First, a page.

Ecuador’s Geophysical Institute is keeping a close eye on four volcanoes at the start of 2017.
A 1,000-meter plume of steam was observed above Cotopaxi on Sunday and Monday. Geologists say the plume was the result of gas emissions combined with climatic factors and did not indicate increased internal activity. The 20,000-foot volcano, considered the country’s most dangerous, entered an active phase in 2015, leading to a massive mobilization of communities in the path of a possible eruption. Cotopaxi is 40 miles south of Quito.
Reventador, in the jungle east of Quito, continues to be the most active volcano in Ecuador. In recent days, it has sent plumes of ash over a wide, mostly uninhabited, area east of the summit. Scientists say that a full eruption could cause “extreme environmental damage” but would not affect large population centers.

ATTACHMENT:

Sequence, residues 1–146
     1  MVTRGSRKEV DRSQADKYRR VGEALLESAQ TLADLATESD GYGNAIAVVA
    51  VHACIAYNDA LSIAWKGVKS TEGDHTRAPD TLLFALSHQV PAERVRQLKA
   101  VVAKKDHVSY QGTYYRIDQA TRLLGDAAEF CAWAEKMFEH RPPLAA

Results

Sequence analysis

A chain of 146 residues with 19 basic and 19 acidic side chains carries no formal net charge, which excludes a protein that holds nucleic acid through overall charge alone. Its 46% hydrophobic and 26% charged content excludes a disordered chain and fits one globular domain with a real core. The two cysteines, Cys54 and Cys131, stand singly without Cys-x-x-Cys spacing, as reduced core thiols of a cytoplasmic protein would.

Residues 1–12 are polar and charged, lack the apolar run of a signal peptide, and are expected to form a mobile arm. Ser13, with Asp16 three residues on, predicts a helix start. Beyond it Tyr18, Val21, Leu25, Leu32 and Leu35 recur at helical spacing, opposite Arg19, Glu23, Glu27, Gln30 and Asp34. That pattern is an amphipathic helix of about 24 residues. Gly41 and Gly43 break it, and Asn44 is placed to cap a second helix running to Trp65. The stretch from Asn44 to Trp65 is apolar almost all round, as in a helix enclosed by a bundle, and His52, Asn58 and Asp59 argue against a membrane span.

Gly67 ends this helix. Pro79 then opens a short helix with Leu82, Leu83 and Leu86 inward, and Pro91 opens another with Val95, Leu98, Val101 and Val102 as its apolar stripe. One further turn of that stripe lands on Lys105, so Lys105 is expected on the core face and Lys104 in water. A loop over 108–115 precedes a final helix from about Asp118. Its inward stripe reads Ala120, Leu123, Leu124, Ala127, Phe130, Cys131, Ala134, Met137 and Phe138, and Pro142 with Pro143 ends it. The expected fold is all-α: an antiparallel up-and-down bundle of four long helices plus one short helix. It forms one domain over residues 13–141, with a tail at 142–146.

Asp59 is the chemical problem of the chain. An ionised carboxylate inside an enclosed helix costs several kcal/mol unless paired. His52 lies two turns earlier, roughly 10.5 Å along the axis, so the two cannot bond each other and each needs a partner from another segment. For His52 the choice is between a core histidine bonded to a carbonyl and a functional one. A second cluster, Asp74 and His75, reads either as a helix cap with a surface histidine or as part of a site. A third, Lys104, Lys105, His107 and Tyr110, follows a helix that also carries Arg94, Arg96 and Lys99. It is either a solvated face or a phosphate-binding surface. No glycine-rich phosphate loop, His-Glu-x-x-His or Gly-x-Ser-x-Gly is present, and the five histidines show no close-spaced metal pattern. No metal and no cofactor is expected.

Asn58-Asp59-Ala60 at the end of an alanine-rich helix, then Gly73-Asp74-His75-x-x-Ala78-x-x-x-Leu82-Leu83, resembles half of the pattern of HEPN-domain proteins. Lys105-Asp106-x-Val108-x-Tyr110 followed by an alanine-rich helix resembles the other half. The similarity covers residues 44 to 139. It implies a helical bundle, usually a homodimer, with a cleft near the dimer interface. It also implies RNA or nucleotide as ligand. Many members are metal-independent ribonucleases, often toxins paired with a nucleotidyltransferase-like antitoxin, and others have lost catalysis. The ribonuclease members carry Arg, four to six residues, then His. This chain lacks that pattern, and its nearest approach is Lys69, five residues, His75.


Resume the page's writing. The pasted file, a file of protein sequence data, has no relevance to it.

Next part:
The Cayambe volcanco, located on the equator north of Quito, continues to show its first activity in almost 200 years, although geologists say they do not believe an eruption is imminent. A favorite with climbers, the volcano has experienced a series of earthquakes since late November, the result of building gas pressure and rupturing rocks beneath the surface.
Tungurahua volcano, near the tourist town of Baños, shows no external signs of activity although geologists say it could reactivate at any time. The volcano entered its current active stage in 1999, destroying thousands of hectares of farm land with lava flows and ash fall, and killing a dozen local residents.